Doing Business in Poland

Business Etiquette polandCultural awareness or cultural knowledge is becoming increasingly important in today's global economy. The sentiment that because the "world is getting smaller" our differences are becoming less obvious is recognised as flawed. As people interact and do business across cultural boundaries more often, cross cultural differences become more acute.

Businesses now accept that equipping people with the appropriate cultural awareness can and does impact business operations positively. This guide to doing business in Poland offers a taster of some of the information a cultural awareness briefing would provide.

In this guide we provide some very basic tips for people doing business in Poland. It is important to bear in mind that all we offer are generalisation of Polish culture and society and do not in any way mean to stereotype the Polish people.

Meeting & Greeting:

When doing business in Poland a firm handshake with good eye contact is important when meeting. If meeting or departing from a group ensure each individual is addressed separately rather than a wave for the group. It is polite to wait for a women to extend her hand upon initial meetings.

Poland is a rather formal and hierarchical culture. As a result first names are rarely used initially in the business context. Address people with Pan (Mr.) and Pani (Mrs.) plus the surname. If a relationship warms up to the degree where first names can be used, always await the other party to signal that this is the case.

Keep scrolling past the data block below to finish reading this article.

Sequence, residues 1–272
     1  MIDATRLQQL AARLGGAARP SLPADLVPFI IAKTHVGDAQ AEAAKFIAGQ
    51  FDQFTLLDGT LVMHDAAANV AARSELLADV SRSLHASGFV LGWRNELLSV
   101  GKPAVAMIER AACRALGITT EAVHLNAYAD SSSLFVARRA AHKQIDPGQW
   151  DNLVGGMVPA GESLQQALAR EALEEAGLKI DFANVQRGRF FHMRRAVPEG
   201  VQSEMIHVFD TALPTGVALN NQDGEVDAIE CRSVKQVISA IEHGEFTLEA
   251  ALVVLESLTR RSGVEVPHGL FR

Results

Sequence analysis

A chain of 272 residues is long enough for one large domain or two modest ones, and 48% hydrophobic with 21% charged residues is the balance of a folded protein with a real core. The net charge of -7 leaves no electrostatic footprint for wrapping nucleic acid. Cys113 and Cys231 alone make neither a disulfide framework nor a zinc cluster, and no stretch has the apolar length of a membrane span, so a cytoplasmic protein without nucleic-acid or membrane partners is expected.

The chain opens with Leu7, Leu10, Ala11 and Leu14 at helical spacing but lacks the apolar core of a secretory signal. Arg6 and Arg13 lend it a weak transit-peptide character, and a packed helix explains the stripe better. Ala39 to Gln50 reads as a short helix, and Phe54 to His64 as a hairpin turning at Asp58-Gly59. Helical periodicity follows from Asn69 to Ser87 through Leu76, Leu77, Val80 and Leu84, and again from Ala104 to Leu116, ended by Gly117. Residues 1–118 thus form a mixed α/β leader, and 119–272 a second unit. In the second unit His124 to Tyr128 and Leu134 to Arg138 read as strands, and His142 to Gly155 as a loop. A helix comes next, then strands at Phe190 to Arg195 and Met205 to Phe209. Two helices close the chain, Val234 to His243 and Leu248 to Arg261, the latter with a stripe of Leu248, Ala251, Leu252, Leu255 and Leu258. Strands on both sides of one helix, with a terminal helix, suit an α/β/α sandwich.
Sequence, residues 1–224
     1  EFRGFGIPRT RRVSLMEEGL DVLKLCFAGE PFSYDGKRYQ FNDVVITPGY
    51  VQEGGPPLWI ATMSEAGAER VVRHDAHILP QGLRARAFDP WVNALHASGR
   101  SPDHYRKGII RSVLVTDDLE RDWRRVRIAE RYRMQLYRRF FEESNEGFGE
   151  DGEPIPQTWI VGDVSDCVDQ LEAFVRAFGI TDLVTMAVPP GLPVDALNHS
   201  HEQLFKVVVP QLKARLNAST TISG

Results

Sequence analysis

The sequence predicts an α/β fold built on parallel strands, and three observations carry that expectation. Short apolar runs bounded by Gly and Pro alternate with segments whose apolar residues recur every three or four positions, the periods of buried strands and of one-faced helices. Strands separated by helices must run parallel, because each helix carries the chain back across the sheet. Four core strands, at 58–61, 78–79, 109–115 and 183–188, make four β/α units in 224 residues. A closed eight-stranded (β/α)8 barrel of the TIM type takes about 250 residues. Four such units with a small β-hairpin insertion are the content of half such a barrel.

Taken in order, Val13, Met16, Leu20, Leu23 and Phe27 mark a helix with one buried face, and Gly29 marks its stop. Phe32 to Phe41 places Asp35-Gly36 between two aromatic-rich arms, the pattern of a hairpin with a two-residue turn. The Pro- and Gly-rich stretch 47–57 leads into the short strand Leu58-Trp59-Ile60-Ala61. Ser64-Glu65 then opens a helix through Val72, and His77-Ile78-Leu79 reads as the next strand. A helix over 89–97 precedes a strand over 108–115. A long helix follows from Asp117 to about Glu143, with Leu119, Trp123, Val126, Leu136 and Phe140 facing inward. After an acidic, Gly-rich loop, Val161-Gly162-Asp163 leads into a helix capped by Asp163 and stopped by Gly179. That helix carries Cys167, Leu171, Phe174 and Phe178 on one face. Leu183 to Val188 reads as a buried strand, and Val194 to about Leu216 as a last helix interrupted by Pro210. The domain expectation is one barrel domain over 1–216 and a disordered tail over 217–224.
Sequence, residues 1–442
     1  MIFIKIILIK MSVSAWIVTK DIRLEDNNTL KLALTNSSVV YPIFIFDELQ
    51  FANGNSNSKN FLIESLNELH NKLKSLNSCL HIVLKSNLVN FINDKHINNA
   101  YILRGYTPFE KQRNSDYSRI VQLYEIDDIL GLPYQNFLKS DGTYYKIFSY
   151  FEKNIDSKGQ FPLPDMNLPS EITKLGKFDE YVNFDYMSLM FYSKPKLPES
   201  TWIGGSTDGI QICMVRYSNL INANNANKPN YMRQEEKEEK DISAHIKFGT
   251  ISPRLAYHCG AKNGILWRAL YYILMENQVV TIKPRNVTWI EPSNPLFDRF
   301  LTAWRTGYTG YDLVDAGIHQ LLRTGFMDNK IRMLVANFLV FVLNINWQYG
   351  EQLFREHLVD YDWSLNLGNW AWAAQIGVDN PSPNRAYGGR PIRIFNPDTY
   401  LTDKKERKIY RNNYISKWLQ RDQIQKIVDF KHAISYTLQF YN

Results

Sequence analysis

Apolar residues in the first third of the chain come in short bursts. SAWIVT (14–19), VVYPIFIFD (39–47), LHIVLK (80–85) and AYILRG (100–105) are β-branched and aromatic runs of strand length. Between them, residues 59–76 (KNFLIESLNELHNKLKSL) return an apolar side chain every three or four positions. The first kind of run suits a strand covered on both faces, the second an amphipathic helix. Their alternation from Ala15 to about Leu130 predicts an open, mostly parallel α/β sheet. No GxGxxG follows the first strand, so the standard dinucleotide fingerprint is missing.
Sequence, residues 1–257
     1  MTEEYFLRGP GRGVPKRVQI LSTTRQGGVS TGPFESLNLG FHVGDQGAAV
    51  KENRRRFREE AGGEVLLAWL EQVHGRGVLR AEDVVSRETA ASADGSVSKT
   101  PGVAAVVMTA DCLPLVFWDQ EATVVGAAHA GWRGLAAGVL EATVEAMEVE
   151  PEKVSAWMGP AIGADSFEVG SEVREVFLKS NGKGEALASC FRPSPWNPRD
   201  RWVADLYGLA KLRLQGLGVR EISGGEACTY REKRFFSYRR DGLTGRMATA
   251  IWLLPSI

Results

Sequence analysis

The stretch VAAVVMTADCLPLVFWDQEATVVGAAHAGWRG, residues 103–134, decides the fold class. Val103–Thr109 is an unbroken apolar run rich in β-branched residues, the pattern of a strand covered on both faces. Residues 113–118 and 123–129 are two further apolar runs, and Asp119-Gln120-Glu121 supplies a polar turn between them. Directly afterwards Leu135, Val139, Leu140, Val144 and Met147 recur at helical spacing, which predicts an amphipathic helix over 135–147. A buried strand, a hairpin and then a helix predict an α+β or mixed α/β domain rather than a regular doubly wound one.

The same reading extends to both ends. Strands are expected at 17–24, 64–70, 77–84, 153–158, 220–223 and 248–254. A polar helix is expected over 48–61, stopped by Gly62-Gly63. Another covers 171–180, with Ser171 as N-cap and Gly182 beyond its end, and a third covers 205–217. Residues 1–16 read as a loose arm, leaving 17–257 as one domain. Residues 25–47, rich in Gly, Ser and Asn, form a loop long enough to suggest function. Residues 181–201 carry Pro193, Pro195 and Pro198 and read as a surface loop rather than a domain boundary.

Before doing business in Poland note that it is very much a relationship driven culture. Sincere trust does not usually extend beyond the family circles. The family or the relationship will usually take precedence over work, rules and decisions. Therefore the key to success in the country relies on a strong relationship based on mutual benefit and trust.

Relationship building may be done over food.  Never talk business at such occasion unless it is brought up by the other party. This time should be used to get to know your counterpart better and vice-versa. When invited to a restaurant, the host usually pays the bill; however, it is also polite for the guest to offer. If you plan on being the host speak with the manager or headwaiter and explain that you, and only you, will be paying the bill.

Meetings & Negotiations:

Presentations should be a blend of well organised information backed with statistics and case studies plus a feel-good factor relating to you as a person, your experience and the proposed relationship. This is because Poles make decisions not only based on evidence but also on their own experience, beliefs and sense of right and wrong.

Due to the hierarchical nature of business it will be obvious if the meeting you are in is for exploration or finalisation. If the decision makers are present in a meeting then decisions can be made; otherwise, the meeting will be considered for information sharing and discussion.

Business Culture Guides

We offer free guides to doing business in many countries. Please visit Business Culture Guides for a full list.

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